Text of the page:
Now is your chance to make your voice heard in our second annual VeloVoices Awards. We’re asking you to select your personal favourites of 2013 across a variety of serious and not-so-serious categories. We’ll publish the final results in the run-up to Christmas.
On Wednesday we ran our poll for the Team of the Year. Today it’s the turn of our nominations for the Breakthrough Rider of the Year – for riders who leapt from virtual unknown to international prominence during 2013. This award was won last year by Taylor Phinney.
Kathi: Jan Bakelants’ stage two win and two days in the yellow jersey in the first week of the Tour de France was brilliant. The fact that he won it by holding off a rampant peloton by repeating to himself, “What would Jens do? Don’t look back!! Ride as hard as you can!! DON’T LOOK BACK!!” does it for me. And didn’t he look thrilled to bits by the whole thing!?!
Panache: Colombia is having a cycling renaissance and leading the charge is young Nairo Quintana. He finished the season eighth in the WorldTour rankings. He won the Tour of the Basque Country as well as the Vuelta a Burgos but it was his performance at the Tour de France that made everyone take notice. Nairo was the only rider who challenged Chris Froome on the bigger climbs such as Mont Ventoux and finished second on GC, showing that he has what it takes to be a contender.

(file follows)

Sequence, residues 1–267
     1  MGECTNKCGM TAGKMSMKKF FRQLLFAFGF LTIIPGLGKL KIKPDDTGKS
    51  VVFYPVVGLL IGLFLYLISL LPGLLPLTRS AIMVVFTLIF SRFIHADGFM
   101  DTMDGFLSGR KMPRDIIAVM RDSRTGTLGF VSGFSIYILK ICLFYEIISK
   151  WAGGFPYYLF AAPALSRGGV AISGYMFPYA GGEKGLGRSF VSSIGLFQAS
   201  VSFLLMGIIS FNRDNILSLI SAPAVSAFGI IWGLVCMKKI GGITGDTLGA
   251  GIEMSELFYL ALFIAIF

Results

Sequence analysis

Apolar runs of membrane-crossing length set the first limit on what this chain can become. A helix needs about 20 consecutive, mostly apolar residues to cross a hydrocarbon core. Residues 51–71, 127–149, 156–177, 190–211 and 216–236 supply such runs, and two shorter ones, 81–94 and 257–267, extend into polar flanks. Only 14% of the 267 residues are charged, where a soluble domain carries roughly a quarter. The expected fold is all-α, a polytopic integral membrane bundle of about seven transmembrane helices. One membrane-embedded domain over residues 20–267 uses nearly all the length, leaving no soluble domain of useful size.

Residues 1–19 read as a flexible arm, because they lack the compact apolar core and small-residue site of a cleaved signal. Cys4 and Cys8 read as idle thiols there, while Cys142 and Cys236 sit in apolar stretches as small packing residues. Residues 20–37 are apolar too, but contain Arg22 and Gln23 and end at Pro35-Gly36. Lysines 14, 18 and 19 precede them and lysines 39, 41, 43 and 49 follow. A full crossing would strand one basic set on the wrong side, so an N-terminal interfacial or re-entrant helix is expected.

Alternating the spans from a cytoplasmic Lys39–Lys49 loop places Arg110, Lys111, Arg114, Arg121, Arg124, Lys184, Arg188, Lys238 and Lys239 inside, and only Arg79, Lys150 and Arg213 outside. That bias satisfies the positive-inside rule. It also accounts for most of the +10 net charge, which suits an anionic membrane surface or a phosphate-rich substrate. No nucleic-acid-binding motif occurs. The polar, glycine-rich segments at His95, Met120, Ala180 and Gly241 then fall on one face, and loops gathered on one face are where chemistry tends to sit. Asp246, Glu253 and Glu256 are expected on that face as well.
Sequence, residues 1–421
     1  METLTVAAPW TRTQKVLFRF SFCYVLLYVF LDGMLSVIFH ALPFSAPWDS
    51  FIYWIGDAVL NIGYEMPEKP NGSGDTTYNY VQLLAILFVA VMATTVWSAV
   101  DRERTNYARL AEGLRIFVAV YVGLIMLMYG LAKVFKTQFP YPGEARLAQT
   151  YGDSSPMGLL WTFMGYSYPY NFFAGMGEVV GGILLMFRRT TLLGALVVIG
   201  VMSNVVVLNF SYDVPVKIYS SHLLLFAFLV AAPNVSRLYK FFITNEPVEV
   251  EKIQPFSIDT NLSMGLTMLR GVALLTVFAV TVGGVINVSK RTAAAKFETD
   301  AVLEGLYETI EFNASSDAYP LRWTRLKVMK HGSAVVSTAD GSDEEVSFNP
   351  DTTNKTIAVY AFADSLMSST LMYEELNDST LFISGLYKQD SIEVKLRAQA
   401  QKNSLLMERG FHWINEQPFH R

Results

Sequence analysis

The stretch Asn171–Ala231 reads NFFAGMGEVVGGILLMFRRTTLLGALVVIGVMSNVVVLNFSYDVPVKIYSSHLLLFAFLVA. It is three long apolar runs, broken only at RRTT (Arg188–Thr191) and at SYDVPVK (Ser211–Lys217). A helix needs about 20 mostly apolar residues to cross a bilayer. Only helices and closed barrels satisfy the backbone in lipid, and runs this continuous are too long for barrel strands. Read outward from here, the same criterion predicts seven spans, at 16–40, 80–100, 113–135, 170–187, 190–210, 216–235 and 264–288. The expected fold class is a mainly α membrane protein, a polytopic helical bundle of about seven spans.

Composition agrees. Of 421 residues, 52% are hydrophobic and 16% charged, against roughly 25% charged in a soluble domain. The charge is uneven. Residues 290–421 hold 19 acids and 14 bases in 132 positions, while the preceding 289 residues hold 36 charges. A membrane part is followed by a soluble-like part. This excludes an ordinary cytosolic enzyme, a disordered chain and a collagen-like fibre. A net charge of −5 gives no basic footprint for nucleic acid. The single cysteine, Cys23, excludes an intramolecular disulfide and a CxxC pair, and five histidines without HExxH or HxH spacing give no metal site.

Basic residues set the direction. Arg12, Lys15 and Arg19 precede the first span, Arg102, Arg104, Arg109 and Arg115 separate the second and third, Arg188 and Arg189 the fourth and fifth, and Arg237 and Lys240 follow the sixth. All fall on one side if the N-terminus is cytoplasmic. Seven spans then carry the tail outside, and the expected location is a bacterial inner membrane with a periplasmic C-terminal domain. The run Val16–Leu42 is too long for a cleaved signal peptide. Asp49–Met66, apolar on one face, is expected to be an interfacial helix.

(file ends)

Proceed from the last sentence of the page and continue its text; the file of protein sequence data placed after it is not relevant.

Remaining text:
Sheree: Some riders go through their entire careers without a win, let alone a grand tour victory. Warren Barguil won two stages in a grand tour in his first year as a professional. This builds on his six victories in 2012, including the overall in the prestigious Tour de l’Avenir. Interestingly, he chose to turn professional with Argos-Shimano, a team with one of the best lead-out trains and two of the best sprinters. This could well be to the 22-year-old’s advantage in avoiding the weight of French expectation.
Tim: I’m going with Zdenek Stybar, the latest in a long line of OPQS classics hard-men. He’s 27 but a relative road novice, having been crowned world cyclo-cross champion in 2010 and 2011. He won two races in his first serious road season last year, but 2013 saw him break into the elite tier of classics contenders. He could well have won Paris-Roubaix if not for a collision with a spectator. But he did go on to win two stages and the overall at the Eneco Tour, then beat outgoing world champ Philippe Gilbert in a late two-man attack on stage seven of the Vuelta. Cake: meet incing.
Ant: I know, I know, it’s starting to look like I have a #teamcrush on OPQS, but seriously, what a season Michal Kwiatkowski had! Best young rider in a tough Tirreno-Adriatico, strong performances in Amstel Gold and Fleche Wallonne, and then a ding-dong battle with Quintana for best young rider at the Tour. Although he lost out, if you consider that his team was very much focussed on Cav, you have to applaud the young Pole for his endeavours. He certainly made people sit up and take note, and next time around I’d expect him to form a strong part of OPQS’ GC efforts.
Jack: Riding in only his second season as a professional at FDJ, Kenny Elissonde announced his arrival on the grand tour scene with a phenomenal performance at the Vuelta, picking up the queen stage after a heroic ride up the Angliru. Add that to his impressive top ten and best young rider prize at the Tour of Oman, and Kenny has had a really promising campaign. I’d wager he’ll be making his Tour de France debut in 2014 – let’s just hope the enormous weight of French expectation doesn’t get to him!
Next: Flop of the Year.